Yet, even amid these and many other ongoing incidents, it is clear that the past few weeks have seen a sea of change in the situation. With a number of MKs having joined the struggle, a political debate about changing the status quo on the mount is taking place for the first time in years. On Monday, the Knesset’s Interior Committee will discuss the subject. The deputy minister of religious services, MK Eli Ben Dahan (Habayit Hayehudi), will present his plan to allow Jewish worship there. The Temple Mount organizations are very hopeful. Says American-born Glick: “There is no doubt that the time has come to implement the directive of the High Court of Justice and give Jews the right to pray [there]. The reality today is that those in control of the Temple Mount are violent elements who are dictating the agenda, and that is intolerable.”
The change in the perception of the Temple Mount by the religious-Zionist movement has been gradual; indeed, a slow but constant shift has been underway in these circles. Where once the subject was the exclusive preserve of wild-eyed, violent elements on the movement’s fringes, it is now at the center of its political map. Furthermore, in the present Knesset and coalition, the Temple Mount for the first time has an active and significant political lobby. MKs and ministers who are pressing for a change in the ongoing situation there include Miri Regev (Likud) who, as chairwoman of the Interior Committee, has already convened several meetings on the subject; Housing Minister Uri Ariel (Habayit Hayehudi); Deputy Foreign Minister Zeev Elkin (Likud); and Moshe Feiglin (Likud), who visits the mount regularly and has been detained there by police on several occasions. Also active are deputy Defense Minister Danny Danon (Likud), and MKs Shuli Moalem and Ayelet Shaked (both from Habayit Hayehudi).
What activists seek above all is a change in the status quo, according to which only Muslims are allowed to pray at the site at present. There is no legal obstacle to this, but the High Court of Justice − contrary to what was implied by Yehuda Glick − has repeatedly ruled that it is up to the police to decide whether to allow Jewish worship there. The police, for their part, have rigorously banned such worship on the Temple Mount on the grounds that it will almost certainly spark violent outbursts by Muslims.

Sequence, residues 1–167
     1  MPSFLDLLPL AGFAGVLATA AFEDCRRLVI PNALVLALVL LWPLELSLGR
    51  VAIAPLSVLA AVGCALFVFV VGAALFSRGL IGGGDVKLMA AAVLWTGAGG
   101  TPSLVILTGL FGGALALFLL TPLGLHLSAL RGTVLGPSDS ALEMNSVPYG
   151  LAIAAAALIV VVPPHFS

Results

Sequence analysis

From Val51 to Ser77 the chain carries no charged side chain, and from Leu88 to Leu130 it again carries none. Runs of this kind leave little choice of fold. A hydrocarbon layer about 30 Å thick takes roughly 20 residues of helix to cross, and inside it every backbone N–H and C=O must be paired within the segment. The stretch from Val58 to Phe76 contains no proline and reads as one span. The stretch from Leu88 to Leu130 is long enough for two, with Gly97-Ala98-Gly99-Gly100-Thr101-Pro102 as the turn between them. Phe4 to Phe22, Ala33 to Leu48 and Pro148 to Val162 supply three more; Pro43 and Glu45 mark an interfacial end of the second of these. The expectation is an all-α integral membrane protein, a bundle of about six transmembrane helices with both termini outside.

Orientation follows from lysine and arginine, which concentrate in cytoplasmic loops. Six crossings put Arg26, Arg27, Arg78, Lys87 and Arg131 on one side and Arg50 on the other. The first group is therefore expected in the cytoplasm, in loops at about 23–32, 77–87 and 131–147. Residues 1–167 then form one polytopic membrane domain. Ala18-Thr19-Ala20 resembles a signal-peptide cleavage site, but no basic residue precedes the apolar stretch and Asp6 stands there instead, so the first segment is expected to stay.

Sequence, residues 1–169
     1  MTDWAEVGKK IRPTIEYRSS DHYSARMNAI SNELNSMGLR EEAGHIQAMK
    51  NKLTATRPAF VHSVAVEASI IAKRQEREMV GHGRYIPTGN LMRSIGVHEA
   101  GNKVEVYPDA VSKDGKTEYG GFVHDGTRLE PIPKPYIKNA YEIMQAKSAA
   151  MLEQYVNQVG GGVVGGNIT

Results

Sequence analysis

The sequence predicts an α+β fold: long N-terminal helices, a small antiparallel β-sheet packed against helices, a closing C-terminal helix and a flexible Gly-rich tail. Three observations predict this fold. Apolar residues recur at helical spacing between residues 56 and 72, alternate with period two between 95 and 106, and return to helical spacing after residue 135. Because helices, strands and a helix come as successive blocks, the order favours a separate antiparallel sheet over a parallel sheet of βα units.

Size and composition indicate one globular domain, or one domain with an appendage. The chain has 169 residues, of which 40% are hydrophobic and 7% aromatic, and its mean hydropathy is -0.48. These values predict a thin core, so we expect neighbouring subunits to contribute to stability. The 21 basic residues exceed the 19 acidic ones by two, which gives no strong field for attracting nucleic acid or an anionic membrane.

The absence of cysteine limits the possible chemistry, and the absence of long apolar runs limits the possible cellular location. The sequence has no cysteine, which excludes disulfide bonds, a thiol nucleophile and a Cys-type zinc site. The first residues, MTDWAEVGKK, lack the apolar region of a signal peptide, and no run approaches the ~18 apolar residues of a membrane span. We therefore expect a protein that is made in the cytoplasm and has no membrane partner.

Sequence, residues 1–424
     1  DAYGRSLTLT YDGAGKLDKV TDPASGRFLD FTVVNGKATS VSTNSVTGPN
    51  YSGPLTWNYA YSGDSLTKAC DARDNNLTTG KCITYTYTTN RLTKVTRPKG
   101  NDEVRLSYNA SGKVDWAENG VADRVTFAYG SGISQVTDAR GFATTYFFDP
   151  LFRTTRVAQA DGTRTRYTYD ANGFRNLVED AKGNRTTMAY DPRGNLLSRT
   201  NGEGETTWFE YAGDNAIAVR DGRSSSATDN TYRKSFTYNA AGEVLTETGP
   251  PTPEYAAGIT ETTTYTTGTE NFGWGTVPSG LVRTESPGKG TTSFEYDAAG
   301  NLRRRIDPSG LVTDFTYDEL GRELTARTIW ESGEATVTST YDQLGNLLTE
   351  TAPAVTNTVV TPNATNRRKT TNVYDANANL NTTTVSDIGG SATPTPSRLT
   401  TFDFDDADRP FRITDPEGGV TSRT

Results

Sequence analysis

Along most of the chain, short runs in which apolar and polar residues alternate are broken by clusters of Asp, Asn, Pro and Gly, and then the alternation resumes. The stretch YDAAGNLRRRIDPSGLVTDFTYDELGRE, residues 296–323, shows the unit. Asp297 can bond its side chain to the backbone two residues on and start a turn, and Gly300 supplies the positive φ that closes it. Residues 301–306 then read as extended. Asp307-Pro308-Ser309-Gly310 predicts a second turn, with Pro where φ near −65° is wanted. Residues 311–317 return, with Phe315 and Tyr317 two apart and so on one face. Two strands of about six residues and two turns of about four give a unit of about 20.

As a result, a whole culture of praying in secret has developed. Among the methods: disguising prayer as an ostensible conversation on a mobile phone, or praying while guiding tourists or engaging in conversation. Sometimes, a prayergoer will tie his shoelaces while he is bowing in the direction of the site of the Temple. Lately, a new ploy has been added − singing the national anthem, “Hatikvah” − which infuriates Muslim worshipers.
Deputy minister Ben Dahan is a relative moderate in terms of his preference for change. “I want a Jew who goes up to the mount to be able to pray there,” he tells Haaretz. “I accept that at this stage there will not be prayer in a minyan [quorum of 10 males], but people can be allowed to pray for a few minutes without disturbing the Muslim public. We could start with an hour a day, during the period when Jews visit the Temple Mount.” (At present, Jews are allowed to visit on weekdays between 7:30 A.M. and 11 A.M.)